In a surprise move, the Greek government abruptly closed public broadcaster ERT on Tuesday. According to the network, 2,656 employees have been laid off as a result. TV screens went dark in the evening, but journalists from the broadcaster remained defiant, continuing to stream live news programming throughout the night as protesters gathered in front of ERT’s Athens headquarters. A live stream was still running this morning on the ERT website.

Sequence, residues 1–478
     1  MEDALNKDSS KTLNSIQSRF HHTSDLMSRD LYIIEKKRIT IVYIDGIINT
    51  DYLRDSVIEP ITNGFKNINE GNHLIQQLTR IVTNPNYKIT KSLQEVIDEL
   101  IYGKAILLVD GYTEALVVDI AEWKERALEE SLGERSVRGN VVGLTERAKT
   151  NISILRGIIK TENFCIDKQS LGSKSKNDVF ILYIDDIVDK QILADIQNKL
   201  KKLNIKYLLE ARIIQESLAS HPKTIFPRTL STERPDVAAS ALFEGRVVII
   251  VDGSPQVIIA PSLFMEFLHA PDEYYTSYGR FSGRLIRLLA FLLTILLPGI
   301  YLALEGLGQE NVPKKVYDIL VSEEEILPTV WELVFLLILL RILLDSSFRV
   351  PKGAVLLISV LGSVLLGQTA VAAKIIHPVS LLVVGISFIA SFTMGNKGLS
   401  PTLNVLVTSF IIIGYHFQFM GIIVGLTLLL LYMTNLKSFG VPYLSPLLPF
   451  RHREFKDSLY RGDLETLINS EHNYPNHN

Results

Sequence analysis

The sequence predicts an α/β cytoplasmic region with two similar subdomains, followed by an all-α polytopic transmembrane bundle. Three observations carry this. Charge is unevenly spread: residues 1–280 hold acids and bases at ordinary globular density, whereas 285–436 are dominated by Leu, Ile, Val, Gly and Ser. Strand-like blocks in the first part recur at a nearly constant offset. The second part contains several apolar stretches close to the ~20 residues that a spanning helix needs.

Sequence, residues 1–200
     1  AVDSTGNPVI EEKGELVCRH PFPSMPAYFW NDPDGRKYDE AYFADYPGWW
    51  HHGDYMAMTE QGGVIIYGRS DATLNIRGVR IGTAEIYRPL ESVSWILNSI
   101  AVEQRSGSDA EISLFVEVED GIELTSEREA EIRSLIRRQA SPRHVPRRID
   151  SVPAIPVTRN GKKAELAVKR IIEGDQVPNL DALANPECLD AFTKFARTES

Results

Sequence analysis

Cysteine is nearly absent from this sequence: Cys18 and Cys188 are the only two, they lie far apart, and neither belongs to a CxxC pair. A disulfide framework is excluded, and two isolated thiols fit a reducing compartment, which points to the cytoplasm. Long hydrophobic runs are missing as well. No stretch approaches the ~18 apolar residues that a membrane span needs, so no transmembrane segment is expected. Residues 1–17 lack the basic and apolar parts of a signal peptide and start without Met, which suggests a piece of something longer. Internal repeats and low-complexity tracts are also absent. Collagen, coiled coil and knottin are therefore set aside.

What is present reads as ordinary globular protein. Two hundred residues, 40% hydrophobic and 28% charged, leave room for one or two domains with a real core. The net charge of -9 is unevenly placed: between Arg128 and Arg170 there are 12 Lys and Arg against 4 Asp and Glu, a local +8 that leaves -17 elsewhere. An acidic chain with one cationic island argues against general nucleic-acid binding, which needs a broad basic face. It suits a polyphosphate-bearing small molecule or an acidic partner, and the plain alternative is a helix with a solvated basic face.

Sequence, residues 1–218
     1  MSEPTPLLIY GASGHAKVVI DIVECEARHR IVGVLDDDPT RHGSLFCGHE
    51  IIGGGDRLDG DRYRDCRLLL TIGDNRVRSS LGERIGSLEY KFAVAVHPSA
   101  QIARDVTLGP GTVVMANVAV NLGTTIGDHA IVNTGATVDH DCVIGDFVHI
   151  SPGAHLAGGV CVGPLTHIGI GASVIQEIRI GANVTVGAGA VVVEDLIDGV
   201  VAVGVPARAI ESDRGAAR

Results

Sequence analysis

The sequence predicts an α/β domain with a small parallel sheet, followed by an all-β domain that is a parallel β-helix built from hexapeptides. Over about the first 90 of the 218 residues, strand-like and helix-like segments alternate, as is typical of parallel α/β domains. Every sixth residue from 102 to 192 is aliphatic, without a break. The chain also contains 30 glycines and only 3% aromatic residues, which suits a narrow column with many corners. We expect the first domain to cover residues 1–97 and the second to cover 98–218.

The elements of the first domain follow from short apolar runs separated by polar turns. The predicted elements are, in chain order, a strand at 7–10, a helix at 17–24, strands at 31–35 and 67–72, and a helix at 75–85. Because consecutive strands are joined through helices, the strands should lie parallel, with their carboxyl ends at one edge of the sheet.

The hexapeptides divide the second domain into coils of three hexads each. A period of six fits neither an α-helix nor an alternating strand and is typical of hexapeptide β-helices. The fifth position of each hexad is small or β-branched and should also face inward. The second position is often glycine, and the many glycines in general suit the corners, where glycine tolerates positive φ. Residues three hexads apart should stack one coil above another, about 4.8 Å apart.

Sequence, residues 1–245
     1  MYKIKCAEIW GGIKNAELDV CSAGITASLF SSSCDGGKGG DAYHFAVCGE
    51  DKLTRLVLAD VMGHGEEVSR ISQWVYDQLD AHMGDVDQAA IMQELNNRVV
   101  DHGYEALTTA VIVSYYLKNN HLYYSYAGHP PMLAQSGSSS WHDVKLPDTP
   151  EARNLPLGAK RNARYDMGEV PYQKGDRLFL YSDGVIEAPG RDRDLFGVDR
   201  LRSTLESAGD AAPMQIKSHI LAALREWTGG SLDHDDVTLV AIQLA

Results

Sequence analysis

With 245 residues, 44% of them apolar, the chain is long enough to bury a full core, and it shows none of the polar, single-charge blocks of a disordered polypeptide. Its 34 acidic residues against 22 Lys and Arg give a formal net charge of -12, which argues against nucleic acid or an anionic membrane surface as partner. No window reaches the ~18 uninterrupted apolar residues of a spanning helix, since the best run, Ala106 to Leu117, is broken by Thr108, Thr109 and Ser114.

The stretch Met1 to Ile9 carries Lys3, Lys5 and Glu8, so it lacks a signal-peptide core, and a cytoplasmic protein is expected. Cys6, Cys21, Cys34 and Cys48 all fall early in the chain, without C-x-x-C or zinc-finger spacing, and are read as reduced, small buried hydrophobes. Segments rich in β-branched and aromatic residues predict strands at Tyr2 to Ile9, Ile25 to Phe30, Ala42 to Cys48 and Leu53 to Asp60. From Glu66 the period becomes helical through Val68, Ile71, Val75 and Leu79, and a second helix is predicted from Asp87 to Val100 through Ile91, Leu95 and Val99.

According to Greek daily Ekathimerini, government spokesman Simos Kedikoglou on Tuesday called ERT a source of “waste” and said “The Greek people are paying for ERT, which has three times, even eight times, as much staff as it needs. It has ample assets, which have remained unused.” Greek households pay a license fee of about $6 through their monthly electricity bills. As long as the broadcaster remains off air, those payments will cease. Greece reportedly plans a leaner operation to replace ERT; Kedikoglou referred to a “modern broadcasting service” but did not provide details. The network’s programming included children’s blocks, culture shows and documentaries, foreign programming, soaps and series like Downton Abbey. The European Broadcasting Union expressed its “profound dismay” at the closure and sent a letter to Greek Prime Minister, Antonis Samaras, urging him “to use all his powers to immediately reverse this decision.” Greece is in the throes of severe austerity measures amid the debt crisis and is looking to slash 15,000 public sector jobs by the end of 2014. Just yesterday, it became the first developed nation to be cut to emerging-market status by equity index provider MSCI.